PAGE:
With Brexit Day, and therefore the day the UK is leaving the EU for good, approaching rather quickly, I wondered how young people, whose future depended on being allowed to live in the UK without restrictions, felt about the situation. I decided to sit down with Jenny Bremerich, 22, who was born and raised in Germany but has been living in the UK for 2 ½ years. The first two years, she spent working as an AuPair after which she decided to stay in London and go to university. She is currently a student of Media and Communications at the University of Greenwich.
When the referendum happened in 2016, Jenny was not allowed to vote because she had only been in the UK for a couple of months by then. However, there have been voices in the community and amongst politicians that there should be a second referendum. Jenny thinks this would be a good idea:
“I think it’s ridiculously stupid to leave the EU […] because we’re going to lose a lot of perks. I don’t think there is any good that could come from leaving the EU. Yes, I think there should be a second referendum just because I have read this study once. Everyone who turned 18 since the first referendum happened, if all of them now would vote to Remain, the majority would be to Remain and that says a lot.”
Fact is, the first referendum was not legally binding and therefore, parliament was not obliged to act on it. However, they decided to do so and have since been faced with some backlash on how they are handling the situation.
“A lot of things most of the times really just confuse me. Certainly, I don’t think they are handling it well because all they are thinking about is themselves, they are not really thinking about the public and all the people living here who would be affected by Brexit. I don’t really like that.”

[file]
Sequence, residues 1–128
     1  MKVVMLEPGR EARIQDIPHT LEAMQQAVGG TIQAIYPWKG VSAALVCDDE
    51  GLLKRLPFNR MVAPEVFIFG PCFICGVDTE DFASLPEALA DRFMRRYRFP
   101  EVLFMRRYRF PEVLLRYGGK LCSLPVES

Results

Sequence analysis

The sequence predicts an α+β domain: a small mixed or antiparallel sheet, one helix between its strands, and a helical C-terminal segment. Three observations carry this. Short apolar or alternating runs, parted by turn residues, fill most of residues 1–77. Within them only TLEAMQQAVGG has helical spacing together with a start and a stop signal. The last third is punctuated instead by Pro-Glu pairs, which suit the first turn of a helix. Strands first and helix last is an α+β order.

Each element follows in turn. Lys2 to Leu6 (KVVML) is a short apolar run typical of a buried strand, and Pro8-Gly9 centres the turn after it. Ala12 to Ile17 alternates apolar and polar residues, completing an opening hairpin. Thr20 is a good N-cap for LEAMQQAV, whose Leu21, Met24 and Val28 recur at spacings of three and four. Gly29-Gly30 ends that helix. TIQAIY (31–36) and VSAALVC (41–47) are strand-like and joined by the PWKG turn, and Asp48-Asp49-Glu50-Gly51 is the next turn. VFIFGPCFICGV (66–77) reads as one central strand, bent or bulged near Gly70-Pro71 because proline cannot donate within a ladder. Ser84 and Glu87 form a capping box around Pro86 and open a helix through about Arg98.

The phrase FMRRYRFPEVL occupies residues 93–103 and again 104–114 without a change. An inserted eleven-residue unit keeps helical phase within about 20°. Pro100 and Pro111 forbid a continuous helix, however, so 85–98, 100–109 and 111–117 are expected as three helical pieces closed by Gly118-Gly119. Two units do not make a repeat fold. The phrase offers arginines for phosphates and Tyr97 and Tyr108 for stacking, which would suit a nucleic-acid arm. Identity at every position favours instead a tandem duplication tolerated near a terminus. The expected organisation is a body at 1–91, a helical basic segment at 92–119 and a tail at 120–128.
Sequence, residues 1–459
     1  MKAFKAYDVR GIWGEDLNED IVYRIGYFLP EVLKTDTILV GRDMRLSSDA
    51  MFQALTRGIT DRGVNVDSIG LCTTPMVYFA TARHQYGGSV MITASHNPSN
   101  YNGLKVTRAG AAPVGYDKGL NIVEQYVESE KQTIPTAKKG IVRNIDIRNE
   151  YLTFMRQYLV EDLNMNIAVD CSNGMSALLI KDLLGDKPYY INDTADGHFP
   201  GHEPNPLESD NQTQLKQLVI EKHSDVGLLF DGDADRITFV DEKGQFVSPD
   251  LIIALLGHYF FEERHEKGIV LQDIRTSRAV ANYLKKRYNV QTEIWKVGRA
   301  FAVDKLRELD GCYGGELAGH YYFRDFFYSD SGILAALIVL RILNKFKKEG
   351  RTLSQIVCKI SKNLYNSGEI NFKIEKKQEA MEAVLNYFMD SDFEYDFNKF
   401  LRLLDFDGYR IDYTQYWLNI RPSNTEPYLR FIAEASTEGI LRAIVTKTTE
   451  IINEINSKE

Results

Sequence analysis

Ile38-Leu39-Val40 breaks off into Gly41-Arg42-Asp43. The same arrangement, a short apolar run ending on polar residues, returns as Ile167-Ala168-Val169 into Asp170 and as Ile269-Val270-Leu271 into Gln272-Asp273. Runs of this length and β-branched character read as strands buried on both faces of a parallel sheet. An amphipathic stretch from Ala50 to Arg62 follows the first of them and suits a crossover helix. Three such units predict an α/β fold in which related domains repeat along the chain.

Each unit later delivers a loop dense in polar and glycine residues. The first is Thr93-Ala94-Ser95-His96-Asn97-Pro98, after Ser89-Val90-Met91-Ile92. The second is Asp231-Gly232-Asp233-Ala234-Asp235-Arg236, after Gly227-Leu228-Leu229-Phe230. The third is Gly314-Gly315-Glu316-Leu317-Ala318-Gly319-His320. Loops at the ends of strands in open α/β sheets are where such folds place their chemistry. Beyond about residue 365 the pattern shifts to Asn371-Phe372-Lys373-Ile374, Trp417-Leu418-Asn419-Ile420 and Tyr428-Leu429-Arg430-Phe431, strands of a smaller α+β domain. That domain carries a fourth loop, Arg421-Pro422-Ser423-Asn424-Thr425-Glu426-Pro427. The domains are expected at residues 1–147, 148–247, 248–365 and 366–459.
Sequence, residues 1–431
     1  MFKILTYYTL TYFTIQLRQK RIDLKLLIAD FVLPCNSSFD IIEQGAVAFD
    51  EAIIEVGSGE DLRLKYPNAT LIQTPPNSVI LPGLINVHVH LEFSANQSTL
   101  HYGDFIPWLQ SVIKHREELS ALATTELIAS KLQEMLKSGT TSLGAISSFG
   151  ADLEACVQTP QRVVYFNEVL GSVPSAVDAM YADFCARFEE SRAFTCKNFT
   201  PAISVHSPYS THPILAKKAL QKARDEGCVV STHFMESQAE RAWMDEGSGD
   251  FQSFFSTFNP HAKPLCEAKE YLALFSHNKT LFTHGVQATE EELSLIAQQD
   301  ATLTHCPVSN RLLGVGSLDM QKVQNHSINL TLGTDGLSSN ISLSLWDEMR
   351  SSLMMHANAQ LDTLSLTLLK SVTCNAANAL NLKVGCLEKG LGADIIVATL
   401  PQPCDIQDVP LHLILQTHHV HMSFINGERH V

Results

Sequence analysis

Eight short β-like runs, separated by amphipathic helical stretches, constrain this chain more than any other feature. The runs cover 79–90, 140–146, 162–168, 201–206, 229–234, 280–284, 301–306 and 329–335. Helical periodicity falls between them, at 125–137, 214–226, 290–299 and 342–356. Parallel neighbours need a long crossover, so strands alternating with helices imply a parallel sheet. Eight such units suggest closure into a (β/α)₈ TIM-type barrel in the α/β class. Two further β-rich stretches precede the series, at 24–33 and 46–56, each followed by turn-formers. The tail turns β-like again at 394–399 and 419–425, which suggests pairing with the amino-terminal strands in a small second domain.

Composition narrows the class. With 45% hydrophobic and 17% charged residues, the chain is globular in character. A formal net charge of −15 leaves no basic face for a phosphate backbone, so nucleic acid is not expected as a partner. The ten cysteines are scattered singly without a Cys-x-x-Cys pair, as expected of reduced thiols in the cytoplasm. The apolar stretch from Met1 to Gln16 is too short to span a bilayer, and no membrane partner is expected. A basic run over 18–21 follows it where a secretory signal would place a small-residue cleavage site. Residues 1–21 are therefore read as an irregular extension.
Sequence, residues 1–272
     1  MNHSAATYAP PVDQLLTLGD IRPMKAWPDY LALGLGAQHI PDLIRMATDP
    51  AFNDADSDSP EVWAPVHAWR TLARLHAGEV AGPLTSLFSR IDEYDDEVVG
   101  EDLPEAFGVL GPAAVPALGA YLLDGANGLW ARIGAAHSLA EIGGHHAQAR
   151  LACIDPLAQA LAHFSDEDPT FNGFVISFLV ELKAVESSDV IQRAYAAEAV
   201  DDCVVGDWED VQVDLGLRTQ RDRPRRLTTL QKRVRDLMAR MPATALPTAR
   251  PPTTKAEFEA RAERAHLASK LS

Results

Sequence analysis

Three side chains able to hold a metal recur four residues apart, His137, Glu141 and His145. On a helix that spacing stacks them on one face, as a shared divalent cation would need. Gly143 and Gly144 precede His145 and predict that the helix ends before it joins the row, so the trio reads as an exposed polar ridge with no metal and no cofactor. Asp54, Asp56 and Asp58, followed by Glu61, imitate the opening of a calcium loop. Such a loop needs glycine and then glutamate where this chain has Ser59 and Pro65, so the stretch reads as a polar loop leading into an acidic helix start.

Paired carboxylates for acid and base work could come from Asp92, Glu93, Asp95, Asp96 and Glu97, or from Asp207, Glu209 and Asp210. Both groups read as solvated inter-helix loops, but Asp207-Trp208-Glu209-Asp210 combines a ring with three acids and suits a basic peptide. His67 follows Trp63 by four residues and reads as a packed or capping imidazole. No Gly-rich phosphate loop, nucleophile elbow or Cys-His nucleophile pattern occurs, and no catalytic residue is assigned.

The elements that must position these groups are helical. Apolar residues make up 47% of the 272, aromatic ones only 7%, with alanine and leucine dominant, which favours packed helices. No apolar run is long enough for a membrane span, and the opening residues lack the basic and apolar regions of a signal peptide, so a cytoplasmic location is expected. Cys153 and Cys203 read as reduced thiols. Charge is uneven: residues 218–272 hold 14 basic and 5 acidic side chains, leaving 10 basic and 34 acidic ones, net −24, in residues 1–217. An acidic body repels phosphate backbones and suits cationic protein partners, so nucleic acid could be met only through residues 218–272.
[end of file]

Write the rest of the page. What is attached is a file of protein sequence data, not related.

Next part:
Although the news that are being shared and everything that is happening in the Parliament is rather confusing, institutions such as universities are trying their best to inform and reassure, telling from Jenny’s experiences specifically.
“I just remember when the Brexit vote happened, I got an email from my AuPair agency explaining what will happen and that we shouldn’t worry at least not now, not yet. They [the university] do a lot because I see all the emails they send out all the time. If I have any questions, if I am concerned about what will happen, I would probably drop them an email and get a response, but I haven’t done that.”
So, what does it mean personally? Brexit is all over the media and comes up in almost every conversation. Does it affect people already, even without anything signed yet?
“Yeah, in one regard because my mum is planning to visit in April and multiple people have told her not to go because […] you don’t know what is going to happen at the airport and she is not booking any flights because she doesn’t know if she can actually come to visit me and that is a bit scary to think about because, I don’t know, it’s a lot.”
Nobody really knows what will happen yet. It will possibly have an impact on travel and, although highly unlikely, it might come down to EU citizens being sent back to their home country. As a student, this is particularly challenging.
“I think my biggest fear is that we will not be able to travel back and forth as often as we would like, to see our family and friends. I think that is one of my biggest fears but then also that deported thing because I go to uni here, why would I want to leave?”
Research shows that Jenny is not alone with her opinion. According to The Guardian almost a million young people are calling for a vote on the final Brexit deal. And although Brexit Day is just around the corner, nobody really knows what is going to happen and it causes especially students to worry about their future.
By Anne Blombach
The Crow’s Nest is a Greenwich Students’ Union Student Media channel. The views expressed in this website do not necessarily reflect those of GSU, its trustees, employees, officers or the University of Greenwich.